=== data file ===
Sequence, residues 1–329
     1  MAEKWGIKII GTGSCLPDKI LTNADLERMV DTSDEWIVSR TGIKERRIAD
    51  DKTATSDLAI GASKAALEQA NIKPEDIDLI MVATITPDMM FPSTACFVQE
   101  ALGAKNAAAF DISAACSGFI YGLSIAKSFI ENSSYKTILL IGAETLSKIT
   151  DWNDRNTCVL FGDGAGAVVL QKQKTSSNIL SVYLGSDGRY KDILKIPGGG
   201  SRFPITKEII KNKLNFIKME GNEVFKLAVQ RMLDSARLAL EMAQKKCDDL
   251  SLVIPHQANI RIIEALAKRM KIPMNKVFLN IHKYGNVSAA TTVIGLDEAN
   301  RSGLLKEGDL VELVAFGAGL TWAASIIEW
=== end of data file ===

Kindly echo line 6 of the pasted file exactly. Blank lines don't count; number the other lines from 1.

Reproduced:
   201  SRFPITKEII KNKLNFIKME GNEVFKLAVQ RMLDSARLAL EMAQKKCDDL